I'm thinking that if the Android lawsuit (or Oracle mobile and tablet strategy) doesn't work out for Oracle, my best advice to Oracle would be for them to buy RIM, and then they'd be instantly in the mobile and tablet game right up there with Apple and Google. They can even do this right now, come to think of it.

    Unless they get Android on their side with minimal blood shed and developer and manufacturer fallout, they may just end up ceding more control and market share over to the Apple iOS, and Windows Mobile side for developers and device manufacturers.

  34. Java ME was never as high of a priority for Sun or anyone significant in the JCP as Java SE and Java EE are. That's one of the major underlying reasons for developer API fragmentation in the mobile space. In fact, Google may have made a very high risk, large investment in mobile Java, even compared with Sun in recent years (one that I don't really see solid reasoning for myself).In a co-development scenario, Google would have been the significant contributor - much like IBM was for early Java EE. It's not clear that's changed with Oracle. The lawsuit would indicate that it has and that could certainly be a good thing for Java in the long run (or it may simply be that Oracle has more of a spine than Sun).

    Since Oracle is doing quite well with it's existing portfolio, I personally don't see a good reason to enter the mobile space really, but a BalckBerry aquisition certainly could make some sense...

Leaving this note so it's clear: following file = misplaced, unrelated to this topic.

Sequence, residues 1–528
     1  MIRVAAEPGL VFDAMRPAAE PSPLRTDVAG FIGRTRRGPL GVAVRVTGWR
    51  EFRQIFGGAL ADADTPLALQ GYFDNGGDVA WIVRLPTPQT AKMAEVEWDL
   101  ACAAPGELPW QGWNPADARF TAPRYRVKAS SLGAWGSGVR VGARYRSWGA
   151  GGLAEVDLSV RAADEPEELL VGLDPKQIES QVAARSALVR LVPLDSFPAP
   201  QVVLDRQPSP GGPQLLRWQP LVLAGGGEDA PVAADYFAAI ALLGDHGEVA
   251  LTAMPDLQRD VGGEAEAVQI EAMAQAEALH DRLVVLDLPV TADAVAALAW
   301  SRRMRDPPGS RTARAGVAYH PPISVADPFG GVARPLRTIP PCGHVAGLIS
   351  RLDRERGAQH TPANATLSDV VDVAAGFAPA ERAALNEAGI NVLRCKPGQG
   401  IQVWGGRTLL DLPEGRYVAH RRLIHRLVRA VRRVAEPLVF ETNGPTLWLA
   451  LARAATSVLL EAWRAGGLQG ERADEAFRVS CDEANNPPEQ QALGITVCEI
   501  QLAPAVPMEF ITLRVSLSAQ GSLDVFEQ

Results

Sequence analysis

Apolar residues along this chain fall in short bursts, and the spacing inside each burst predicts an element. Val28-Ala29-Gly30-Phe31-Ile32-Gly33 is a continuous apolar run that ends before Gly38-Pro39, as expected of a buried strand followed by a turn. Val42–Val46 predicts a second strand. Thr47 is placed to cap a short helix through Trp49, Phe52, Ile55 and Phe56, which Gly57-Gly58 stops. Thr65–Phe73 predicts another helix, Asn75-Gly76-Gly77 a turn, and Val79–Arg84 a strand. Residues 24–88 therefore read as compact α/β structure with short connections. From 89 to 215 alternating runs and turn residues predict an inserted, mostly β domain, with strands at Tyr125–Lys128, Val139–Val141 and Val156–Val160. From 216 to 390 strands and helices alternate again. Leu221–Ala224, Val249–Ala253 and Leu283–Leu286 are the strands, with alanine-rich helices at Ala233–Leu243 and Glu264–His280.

Here is the latest, most reliable smart phone market share data: http://blog.nielsen.com/nielsenwire/consumer/android-leads-u-s-in-smartphone-market-share-and-data-usage/. Adroid has a lead, but not really much of one in a market that seems to be more volatile than women's fashion or pop music...

  35. Java ME was never as high of a priority for Sun or anyone significant in the JCP as Java SE and Java EE are. That's one of the major underlying reasons for developer API fragmentation in the mobile space. In fact, Google may have made a very high risk, large investment in mobile Java, even compared with Sun in recent years (one that I don't really see solid reasoning for myself).In a co-development scenario, Google would have been the significant contributor - much like IBM was for early Java EE. It's not clear that's changed with Oracle. The lawsuit would indicate that it has and that could certainly be a good thing for Java in the long run (or it may simply be that Oracle has more of a spine than Sun).

    If nobody on the JCP couldn't figure out how to do Java ME the right way on mobile devices, or even cared to put some effort into it, why would Google partner with these people when it knows how to do it already and do it well I might add?

    I wouldn't worry too much about the fragmentation aspect of stuff, that will get taken care of over time. The important point is that they made a bold step, actually did something to get Java firmly positioned as a leading tech in the mobile and tablet space, and it's paying off for them.  In business, you can't spend too much time in the planning stages to make the perfect product. You actually have to just do something eventually, or you'll get left behind.  Just make sure each product version release takes care of the previous issues in the last one.